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The process of constantly contemplating a research topic from one class to another serves an interesting purpose in my mind.  It causes me to constantly rethink this topic and others that I have dwelled on for the last few years. I see this as a powerful engagement with the topic of gender and racism propaganda, sitting where I sit from a perspective of an Italian white-appearing cisgender man and causing me to constantly look at this topic from different perspectives and engage others with this topic.  As a result, my area of interest at this time has been refined as, what are the short and long-term effects of organized sexist media propaganda as it influences unintentional interpersonal sexist propaganda upon Black women and girls.

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(Once again, I freely admit this isn’t perfect, but from the earlier Goffman Paper to this, I see some marked improvements. I would also like your constructive feedback when you have a chance to read this since I would like to make this a real study that perhaps my followers could participate in at some future date.)

To what extent are individuals influenced by the language of sexist propaganda embedded in media advertising and programming perpetuated by small in-group conversations that reinforce sexist media texts? And how aware are individuals of their use of sexist language that perpetuate themes and ideas from sexist media propaganda?  The implications of this question lie in the definition of propaganda as much as in the definition of sexist language.

Propaganda is the use of communication to achieve behavior and attitude changes amongst one group of people by another individual or group.  Intentional propaganda is that which is practiced and performed by media companies with a deliberate agenda to promote ideas or products utilizing sexist media texts already present in our language or visual symbols that are used instinctually.

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(This is more or less a brainstorming session to begin fleshing out these thesis ideas and, and, and, to satisfy the assignment requirements for Social Psychology.  Bear with me folks.  It’s getting interesting.  And if anyone at all has any suggestions to improve this, please let me know.)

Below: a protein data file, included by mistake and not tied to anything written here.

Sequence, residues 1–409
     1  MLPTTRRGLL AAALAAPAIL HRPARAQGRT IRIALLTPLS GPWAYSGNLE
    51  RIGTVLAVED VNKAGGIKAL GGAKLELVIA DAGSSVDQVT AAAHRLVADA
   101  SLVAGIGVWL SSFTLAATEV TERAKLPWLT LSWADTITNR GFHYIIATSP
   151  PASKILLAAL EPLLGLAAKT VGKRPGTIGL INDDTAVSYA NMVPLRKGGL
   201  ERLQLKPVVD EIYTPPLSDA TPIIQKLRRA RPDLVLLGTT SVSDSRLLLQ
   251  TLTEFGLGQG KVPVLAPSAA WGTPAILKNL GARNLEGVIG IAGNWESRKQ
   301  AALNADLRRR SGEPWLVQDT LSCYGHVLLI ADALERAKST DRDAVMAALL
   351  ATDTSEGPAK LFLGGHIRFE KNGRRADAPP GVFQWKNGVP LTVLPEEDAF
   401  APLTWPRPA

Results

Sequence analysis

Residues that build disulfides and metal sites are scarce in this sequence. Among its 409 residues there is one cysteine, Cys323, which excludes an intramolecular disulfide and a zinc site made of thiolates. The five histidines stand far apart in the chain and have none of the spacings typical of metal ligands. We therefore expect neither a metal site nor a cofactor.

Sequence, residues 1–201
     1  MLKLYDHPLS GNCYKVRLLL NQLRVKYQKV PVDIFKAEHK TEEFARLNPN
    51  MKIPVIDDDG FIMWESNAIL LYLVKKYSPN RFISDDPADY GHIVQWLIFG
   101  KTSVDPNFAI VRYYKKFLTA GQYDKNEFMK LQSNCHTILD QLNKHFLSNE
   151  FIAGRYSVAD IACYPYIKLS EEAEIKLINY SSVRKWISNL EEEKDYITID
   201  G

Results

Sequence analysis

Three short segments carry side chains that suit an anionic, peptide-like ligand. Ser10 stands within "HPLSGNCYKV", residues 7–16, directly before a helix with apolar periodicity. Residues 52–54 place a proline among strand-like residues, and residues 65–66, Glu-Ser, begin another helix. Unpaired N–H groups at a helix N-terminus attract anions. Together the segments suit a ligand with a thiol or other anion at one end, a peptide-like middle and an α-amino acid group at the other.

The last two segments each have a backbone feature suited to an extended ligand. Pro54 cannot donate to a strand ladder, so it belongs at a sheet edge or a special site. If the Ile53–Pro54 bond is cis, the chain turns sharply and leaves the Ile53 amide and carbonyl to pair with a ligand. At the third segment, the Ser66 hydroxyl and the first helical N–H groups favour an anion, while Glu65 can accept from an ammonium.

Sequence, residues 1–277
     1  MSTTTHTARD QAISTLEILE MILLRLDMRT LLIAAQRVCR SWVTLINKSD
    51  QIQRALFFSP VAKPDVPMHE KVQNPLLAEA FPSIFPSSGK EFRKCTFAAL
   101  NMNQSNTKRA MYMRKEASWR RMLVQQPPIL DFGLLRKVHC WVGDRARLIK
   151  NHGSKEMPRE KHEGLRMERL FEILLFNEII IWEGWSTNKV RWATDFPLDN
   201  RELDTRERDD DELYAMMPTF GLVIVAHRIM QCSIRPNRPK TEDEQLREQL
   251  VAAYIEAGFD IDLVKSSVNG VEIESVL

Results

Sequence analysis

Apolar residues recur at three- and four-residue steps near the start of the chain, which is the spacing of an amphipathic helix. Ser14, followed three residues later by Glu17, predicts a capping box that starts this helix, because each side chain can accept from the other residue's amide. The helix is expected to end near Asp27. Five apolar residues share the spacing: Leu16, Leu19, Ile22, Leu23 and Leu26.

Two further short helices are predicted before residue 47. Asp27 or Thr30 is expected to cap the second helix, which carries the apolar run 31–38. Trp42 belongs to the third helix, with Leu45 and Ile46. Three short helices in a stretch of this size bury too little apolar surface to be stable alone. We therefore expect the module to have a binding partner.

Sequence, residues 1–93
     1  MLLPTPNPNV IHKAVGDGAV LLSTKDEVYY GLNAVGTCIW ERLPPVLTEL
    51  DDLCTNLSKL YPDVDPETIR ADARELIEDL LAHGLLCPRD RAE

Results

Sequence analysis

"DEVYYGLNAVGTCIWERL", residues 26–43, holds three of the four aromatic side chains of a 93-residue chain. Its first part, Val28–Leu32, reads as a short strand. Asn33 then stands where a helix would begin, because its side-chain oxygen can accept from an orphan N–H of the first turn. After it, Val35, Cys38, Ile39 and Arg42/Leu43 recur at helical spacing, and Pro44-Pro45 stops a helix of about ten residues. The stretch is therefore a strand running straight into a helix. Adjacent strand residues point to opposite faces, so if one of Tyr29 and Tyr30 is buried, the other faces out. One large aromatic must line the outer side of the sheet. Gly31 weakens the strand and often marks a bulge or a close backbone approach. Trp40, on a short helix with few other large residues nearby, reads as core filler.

1.      Original hypothesis:  Individuals and small groups are influenced by intentional sexist propaganda embedded in media texts that influence unintentional propaganda in conversational language.

2.      If I was to use a survey method for my study, how might I change my hypothesis? If I were to use a survey method for my study I may change my hypothesis to reflect that survey thus, Individuals and small groups are influenced by intentional sexist propaganda embedded in media texts that influence unintentional propaganda in conversational language surveyed through word association and analogy tests.

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Harvard’s Implicit Associations Test is interesting, as loaded as an adjective as that is in this case.  The visual portion of the test makes certain assumptive social constructs that particular categories of individuals “look” a specific way (I took the gender- science test and the African American-European American test—twice) rather than another.  There was no room for variations or exceptions to this test “rule”. For any interested in seeing the tests, please click on this link, https://implicit.harvard.edu/implicit//demo/, and find “Demo”.

Now to the results, what I found, what I think of them, and the test.

1. I took the Gender- Science Test and the African American-European American Test—twice.

2. The tests’ results were not consistent with my conscious attitudes and beliefs very simply because the tests did not allow for an African American that “looks” like a European American, who looks like a Hispanic American, who looks like an Asian American, or who looks like any other variety of multi-racial or multi-ethnic American.  Additionally the test allowed for no variation in the test answers if I associate the adjective of one stereotypical “racial characteristic” or gender characteristic with the one that is not associated with that stereotype.  When I attempted to do this, my answers were marked “wrong”.

3. I think I obtained the results I did because I learned how to “take” the tests in a particular way and in a way that my brain was able to respond and follow the directions of the test that stated that the adjectives of one type and one social construct had to be associated with one key on the keyboard and the adjectives of another type and social construct had to be associated with another key on the keyboard. Once again, my impression of the tests is that they test your ability to take tests and very little else.